Generally, two techniques are used. Oscillometric blood pressure (BP) measurement entails use of an automated recording system. A cuff is applied to the base of the tail or a distal limb for access to an artery. This technique generally is regarded as being most accurate in dogs. When oscillometric BP measurements are performed in dogs, the patient should be in lateral recumbency. This places the cuff at approximately the same level as the heart. In cats the patient generally remains in sternal recumbency (and minimally restrained). Most patients experience a brief acclimation period to the cuff placement. For this reason, at least three to five separate readings are obtained at 1- to 2-minute intervals. This technique can be used on awake or anesthetized patients ().
The Doppler-ultrasonic flow detection system is most accurate in cats for measuring systolic BP. Again, the ventral tail base or a dorsal pedal artery (hindlimb) or the superficial palmar arterial arch (forelimb) can be used. Apply and inflate an occluding cuff. The readings are obtained by a transducer as the pressure on the cuff is reduced. Caution is recommended in interpreting results from dogs that are reported as hypertensive but have no overt clinical disease. The higher reported occurrence of falsely elevated BP in normotensive dogs measured by this method justifies additional scrutiny when interpreting Doppler BP results in dogs.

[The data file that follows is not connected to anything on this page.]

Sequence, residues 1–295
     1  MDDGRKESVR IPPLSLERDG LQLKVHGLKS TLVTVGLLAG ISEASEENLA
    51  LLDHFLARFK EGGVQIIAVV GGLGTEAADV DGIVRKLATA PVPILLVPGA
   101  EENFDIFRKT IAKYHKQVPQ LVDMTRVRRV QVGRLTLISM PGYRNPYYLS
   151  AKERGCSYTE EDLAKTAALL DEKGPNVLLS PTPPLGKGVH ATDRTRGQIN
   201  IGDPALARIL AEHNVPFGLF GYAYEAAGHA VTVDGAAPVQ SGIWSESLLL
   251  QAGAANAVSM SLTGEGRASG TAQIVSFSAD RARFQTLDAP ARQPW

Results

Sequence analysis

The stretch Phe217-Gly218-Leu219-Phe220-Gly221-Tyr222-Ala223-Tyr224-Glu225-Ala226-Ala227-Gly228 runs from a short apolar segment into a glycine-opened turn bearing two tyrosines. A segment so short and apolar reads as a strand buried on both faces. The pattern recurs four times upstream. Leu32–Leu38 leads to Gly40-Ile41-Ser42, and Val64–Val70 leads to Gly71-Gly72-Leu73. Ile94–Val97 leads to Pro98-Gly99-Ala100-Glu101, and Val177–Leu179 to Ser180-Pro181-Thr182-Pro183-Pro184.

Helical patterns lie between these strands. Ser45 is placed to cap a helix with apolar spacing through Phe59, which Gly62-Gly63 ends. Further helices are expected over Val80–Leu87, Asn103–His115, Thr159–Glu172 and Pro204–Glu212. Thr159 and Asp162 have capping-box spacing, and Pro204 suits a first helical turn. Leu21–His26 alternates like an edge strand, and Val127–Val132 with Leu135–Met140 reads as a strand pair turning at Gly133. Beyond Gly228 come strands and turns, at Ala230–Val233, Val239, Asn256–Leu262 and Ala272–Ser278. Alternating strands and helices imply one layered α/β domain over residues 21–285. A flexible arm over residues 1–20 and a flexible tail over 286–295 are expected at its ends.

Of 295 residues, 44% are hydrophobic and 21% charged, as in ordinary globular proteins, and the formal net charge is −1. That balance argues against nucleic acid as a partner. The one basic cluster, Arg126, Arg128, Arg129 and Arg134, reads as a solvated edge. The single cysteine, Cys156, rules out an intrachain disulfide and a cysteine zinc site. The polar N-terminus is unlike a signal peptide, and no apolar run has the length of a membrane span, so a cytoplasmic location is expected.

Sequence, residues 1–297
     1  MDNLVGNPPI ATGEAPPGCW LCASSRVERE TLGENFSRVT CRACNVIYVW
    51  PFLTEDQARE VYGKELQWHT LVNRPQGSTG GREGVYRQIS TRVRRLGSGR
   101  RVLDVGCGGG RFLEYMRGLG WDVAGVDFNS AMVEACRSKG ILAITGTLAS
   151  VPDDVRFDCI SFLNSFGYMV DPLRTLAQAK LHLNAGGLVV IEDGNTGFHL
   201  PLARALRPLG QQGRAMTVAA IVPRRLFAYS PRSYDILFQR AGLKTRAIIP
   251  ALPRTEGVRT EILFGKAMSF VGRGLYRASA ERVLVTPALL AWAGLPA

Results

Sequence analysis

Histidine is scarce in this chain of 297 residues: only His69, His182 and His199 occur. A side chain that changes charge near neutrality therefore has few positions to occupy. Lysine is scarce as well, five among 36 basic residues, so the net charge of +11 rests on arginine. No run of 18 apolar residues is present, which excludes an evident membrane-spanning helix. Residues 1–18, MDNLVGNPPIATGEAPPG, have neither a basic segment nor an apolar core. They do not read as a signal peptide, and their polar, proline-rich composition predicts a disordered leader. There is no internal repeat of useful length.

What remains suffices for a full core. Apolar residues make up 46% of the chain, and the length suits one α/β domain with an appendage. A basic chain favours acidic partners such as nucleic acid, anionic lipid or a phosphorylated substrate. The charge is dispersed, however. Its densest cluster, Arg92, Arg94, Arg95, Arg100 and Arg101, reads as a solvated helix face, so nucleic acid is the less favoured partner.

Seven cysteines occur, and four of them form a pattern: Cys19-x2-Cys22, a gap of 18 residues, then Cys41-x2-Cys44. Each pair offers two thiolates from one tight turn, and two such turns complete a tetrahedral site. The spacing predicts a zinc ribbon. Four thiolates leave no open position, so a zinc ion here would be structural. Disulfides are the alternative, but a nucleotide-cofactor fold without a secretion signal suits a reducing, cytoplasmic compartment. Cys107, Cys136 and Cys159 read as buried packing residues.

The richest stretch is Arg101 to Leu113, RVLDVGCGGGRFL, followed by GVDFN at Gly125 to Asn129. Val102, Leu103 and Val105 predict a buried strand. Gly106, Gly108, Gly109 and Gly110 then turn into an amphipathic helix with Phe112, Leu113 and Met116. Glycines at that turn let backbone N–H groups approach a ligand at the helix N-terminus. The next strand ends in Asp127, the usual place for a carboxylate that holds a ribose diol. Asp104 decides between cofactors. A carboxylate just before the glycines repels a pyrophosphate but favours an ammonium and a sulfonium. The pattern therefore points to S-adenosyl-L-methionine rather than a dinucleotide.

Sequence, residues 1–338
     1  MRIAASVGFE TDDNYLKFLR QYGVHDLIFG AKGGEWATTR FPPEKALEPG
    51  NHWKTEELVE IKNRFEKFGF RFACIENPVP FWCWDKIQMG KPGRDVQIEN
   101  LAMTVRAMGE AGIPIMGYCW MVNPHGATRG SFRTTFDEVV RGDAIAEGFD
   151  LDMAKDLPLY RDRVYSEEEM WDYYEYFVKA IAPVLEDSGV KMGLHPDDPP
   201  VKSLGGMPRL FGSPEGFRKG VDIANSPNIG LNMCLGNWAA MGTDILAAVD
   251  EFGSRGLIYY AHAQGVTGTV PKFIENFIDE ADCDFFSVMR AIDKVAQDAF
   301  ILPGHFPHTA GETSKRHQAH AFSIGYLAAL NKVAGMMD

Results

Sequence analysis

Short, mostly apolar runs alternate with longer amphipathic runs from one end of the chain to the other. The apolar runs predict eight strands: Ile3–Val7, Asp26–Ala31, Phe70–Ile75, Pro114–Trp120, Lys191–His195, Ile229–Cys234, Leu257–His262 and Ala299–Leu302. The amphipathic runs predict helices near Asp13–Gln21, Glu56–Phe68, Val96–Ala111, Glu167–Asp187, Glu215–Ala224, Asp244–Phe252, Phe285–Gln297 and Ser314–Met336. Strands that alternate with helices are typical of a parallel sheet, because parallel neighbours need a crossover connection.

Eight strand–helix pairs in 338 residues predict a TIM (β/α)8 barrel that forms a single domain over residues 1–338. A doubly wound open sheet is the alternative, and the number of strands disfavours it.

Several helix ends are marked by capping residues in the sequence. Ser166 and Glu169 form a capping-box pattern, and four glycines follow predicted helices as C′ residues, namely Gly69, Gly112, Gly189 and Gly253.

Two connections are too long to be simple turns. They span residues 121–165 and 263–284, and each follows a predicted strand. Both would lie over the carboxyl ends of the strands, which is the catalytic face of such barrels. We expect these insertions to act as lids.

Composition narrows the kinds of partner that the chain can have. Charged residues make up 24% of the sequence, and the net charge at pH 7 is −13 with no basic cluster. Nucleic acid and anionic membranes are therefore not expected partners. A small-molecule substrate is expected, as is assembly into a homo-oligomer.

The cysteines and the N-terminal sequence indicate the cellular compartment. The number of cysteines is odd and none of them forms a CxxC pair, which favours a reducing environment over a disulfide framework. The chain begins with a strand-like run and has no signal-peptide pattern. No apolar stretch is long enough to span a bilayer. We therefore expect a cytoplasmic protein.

TABLE Systolic Blood Pressure
|Dog and cat||100-150 mm Hg||> 160 mm Hg
Clinically, the most common use of indirect BP measurement is in assessing cats for the presence (or absence) of systemic hypertension caused by renal insufficiency or hyperthyroidism (thyrotoxicosis). A common finding among untreated hypertensive cats is retinal detachment and blindness. Early detection and therapeutic intervention (e.g., enalapril and or amlodipine) is critical. In dogs, BP measurement is indicated in patients with chronic renal insufficiency and/or protein-losing nephropathy, hyperadrenocorticism, and diabetes mellitus. In veterinary medicine, interpretation of BP centers on the systolic BP reading, not the diastolic reading (Table Systolic Blood Pressure).